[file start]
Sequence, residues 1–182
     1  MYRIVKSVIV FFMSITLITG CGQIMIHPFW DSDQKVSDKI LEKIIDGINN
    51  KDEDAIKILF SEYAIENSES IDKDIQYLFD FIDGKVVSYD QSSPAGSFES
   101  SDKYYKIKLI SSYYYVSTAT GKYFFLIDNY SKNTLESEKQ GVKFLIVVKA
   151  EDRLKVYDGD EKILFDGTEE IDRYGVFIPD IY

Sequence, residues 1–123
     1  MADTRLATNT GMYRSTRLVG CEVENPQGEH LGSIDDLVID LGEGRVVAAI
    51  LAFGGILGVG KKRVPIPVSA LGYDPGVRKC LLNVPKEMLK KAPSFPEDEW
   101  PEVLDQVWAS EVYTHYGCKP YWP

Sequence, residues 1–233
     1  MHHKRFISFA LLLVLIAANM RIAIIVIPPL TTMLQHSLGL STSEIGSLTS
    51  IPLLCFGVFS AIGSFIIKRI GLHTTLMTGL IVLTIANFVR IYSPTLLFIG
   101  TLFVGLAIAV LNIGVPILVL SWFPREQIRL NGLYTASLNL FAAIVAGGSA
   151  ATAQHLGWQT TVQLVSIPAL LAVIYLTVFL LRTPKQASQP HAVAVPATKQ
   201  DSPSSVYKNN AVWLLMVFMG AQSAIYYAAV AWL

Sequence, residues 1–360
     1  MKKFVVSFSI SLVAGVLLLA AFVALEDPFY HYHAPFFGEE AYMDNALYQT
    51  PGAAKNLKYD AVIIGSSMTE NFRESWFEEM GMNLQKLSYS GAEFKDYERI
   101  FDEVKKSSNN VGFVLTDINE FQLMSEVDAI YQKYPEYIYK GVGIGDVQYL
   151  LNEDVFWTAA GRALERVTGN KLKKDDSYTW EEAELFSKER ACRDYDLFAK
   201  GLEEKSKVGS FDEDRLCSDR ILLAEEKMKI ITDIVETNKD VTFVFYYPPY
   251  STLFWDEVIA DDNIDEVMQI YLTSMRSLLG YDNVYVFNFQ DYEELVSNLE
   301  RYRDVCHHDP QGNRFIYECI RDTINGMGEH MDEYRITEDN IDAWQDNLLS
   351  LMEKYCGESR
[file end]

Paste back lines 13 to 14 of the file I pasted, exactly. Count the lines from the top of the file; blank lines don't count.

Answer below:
   101  TLFVGLAIAV LNIGVPILVL SWFPREQIRL NGLYTASLNL FAAIVAGGSA
   151  ATAQHLGWQT TVQLVSIPAL LAVIYLTVFL LRTPKQASQP HAVAVPATKQ